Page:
Any emails sent by citizens are subject to censorship, and websites tend to load very slowly. Some citizens have found a way to get around this by using a virtual private network service (even though this is illegal). This allows them to access sites and search engines like YouTube, Twitter, and Google, which aren't otherwise available. It is estimated that around 90 million users rely on virtual private network services.

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Healthcare Tickets: To See A Doctor, You Need To Register First

China is the most populated country globally, so things like the healthcare system have to run a little differently to remain efficient for many people. For example, China has a plan in place that's known as healthcare tickets. To see a doctor, citizens must first buy a registration ticket.

Citizens can buy a ticket online or through a mobile app. If they don't purchase a ticket in advance, they have to line up at the clinic or the hospital, which can take a while. Once they've bought a registration ticket, they can choose what doctor they'd like to see or ask for recommendations. Once they've purchased a ticket, they check in at reception and are issued with a patient ID card. This will give them access to the doctor they wish to see.

The actual doctor's appointment is similar to in western countries. But the process of actually getting to the doctor is slightly more complicated.

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Soldiers Showing Cowardice Or Surrender Are Eligible For The Death Penalty

Capital punishment is still practiced in China. Although the death penalty is mainly handed out of severe crimes such as murder, there are currently 46 capital offenses that are punishable by death. Among them are economic crimes, such as smuggling counterfeit money and breach of duty by soldiers.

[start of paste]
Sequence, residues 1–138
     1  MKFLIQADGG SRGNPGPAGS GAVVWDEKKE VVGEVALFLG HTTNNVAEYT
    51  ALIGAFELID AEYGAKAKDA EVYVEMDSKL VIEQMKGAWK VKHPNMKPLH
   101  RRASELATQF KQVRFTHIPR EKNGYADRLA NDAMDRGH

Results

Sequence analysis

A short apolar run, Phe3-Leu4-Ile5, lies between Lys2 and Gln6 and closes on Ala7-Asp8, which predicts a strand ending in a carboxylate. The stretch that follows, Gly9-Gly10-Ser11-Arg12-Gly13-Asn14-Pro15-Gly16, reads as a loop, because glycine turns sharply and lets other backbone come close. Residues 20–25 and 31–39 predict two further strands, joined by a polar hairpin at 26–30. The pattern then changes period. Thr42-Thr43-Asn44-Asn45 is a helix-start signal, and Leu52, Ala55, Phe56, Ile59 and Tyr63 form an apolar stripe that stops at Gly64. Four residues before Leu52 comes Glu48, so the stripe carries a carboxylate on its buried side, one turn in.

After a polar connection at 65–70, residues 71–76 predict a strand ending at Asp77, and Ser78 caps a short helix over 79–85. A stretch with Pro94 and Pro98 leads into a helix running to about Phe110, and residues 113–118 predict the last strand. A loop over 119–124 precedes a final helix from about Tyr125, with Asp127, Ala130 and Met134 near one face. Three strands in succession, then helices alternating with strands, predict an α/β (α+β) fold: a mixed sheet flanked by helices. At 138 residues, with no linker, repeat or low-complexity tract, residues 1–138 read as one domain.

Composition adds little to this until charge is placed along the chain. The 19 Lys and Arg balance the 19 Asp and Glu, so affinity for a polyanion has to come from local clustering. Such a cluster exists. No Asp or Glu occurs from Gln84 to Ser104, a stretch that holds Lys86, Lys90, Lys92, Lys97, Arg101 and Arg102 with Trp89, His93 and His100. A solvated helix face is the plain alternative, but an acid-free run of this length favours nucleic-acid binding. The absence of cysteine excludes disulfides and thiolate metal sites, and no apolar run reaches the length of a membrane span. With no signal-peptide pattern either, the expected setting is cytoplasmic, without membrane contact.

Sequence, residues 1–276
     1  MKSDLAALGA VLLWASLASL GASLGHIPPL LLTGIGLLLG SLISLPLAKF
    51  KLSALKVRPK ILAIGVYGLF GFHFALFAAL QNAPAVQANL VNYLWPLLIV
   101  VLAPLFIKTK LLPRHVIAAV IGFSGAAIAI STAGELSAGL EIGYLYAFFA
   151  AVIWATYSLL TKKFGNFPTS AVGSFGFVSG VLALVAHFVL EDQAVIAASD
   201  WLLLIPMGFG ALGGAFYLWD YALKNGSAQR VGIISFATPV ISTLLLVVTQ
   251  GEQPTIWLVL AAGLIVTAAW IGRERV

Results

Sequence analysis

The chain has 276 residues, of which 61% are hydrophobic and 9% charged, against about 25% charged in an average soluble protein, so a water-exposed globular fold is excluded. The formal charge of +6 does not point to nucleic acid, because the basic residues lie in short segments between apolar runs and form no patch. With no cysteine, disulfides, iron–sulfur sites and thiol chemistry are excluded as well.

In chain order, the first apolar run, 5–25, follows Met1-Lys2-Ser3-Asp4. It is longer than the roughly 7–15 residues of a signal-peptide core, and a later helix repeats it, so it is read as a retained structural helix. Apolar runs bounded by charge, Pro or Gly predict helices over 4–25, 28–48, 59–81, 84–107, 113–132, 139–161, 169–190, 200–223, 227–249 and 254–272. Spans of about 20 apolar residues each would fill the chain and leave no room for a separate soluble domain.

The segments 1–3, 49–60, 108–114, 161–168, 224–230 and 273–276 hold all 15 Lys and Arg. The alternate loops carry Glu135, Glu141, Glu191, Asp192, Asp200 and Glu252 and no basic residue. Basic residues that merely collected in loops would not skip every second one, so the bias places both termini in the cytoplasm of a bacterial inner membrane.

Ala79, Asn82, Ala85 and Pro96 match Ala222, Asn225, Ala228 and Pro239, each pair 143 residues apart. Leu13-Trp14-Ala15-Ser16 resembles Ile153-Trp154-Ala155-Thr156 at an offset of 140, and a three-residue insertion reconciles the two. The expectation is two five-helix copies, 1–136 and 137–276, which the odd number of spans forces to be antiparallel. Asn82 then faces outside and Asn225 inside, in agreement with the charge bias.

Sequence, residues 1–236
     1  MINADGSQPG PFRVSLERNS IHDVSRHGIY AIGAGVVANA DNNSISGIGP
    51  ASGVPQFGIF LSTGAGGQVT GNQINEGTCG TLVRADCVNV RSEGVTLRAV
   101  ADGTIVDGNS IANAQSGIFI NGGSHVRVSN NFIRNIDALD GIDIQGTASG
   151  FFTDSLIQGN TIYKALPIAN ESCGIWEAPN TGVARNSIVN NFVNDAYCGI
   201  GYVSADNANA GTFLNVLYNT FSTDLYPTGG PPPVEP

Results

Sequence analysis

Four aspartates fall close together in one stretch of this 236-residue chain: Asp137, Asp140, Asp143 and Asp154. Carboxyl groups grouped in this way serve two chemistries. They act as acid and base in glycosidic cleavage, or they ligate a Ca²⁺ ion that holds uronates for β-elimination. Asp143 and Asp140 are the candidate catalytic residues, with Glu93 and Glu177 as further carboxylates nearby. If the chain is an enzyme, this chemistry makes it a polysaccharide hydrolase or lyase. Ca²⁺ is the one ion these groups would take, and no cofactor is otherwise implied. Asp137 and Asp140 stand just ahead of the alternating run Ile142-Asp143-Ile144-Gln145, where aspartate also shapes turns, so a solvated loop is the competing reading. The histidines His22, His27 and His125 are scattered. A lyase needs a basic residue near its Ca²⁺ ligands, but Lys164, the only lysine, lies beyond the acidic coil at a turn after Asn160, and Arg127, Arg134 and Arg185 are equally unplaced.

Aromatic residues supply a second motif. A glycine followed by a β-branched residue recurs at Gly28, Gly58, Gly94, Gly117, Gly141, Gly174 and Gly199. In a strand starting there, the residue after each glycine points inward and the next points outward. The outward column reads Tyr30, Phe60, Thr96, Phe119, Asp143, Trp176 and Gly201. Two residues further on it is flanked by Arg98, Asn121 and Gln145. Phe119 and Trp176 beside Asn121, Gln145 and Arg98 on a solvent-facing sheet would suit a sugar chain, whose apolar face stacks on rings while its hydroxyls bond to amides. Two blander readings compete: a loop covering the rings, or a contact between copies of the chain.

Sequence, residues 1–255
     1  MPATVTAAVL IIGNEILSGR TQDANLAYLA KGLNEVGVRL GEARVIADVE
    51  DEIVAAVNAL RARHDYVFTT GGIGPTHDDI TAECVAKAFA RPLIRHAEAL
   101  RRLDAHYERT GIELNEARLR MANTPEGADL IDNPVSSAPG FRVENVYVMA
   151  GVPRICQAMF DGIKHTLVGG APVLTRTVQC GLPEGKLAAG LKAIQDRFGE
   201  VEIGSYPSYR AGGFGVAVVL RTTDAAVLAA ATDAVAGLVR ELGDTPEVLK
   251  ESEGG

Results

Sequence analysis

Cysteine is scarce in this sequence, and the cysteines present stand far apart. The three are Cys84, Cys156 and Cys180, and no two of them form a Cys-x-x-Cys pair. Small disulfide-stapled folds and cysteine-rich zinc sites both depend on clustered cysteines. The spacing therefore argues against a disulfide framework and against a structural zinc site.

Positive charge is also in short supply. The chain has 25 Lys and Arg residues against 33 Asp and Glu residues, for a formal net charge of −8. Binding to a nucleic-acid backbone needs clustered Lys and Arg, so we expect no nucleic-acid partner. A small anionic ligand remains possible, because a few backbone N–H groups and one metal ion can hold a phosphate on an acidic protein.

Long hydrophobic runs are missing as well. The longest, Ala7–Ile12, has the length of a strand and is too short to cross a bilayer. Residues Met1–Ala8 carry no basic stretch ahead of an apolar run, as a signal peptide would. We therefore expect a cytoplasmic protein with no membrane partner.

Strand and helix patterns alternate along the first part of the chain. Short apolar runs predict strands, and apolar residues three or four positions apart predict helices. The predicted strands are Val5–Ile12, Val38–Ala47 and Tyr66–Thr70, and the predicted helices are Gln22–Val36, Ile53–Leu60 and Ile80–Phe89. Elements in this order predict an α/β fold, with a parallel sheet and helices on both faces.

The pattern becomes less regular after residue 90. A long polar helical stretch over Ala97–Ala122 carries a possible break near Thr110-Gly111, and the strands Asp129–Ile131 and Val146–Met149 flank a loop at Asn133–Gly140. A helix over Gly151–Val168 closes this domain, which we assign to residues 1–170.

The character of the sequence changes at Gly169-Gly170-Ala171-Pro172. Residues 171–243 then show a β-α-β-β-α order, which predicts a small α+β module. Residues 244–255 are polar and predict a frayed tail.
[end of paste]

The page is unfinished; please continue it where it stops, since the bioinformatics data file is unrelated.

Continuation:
Chinese soldiers are eligible for the death penalty for crimes such as selling military secrets, reusing to pass orders, surrender, or cowardice.

People Can't Play The Video Games They Want

Since April 2019, people in China don't have the right to play any video game they wish, with any involving sex, violence, or gambling being banned by law. Some of these games include Resident Evil and the uber-gory Mortal Kombat. Moreover, any video game portraying the government negatively is also banned in China. Since the country is home to more than 20 percent of the world's population, most video-game developers adhere to the laws in place and abide by the strictest regulations. Still, some online vendors are managing to bypass the ban by putting hand-drawn cover art and designs to disguise the real components of the banned video games.

People In China Cannot Buy Jasmine Flowers

Not only did the Chinese government ban the word Jasmine on the internet, but it went as far as outlawing the sale of jasmine flowers in markets and shops in Beijing and several other large cities in the country. This decision came up the Jasmine Revolution in Tunisia sparked a similar pro-democracy movement in the People's Republic of China. The Communist Party, which rules China took those steps to prevent the protests against their rule. No other reason was identified that led to the ban of jasmine flowers.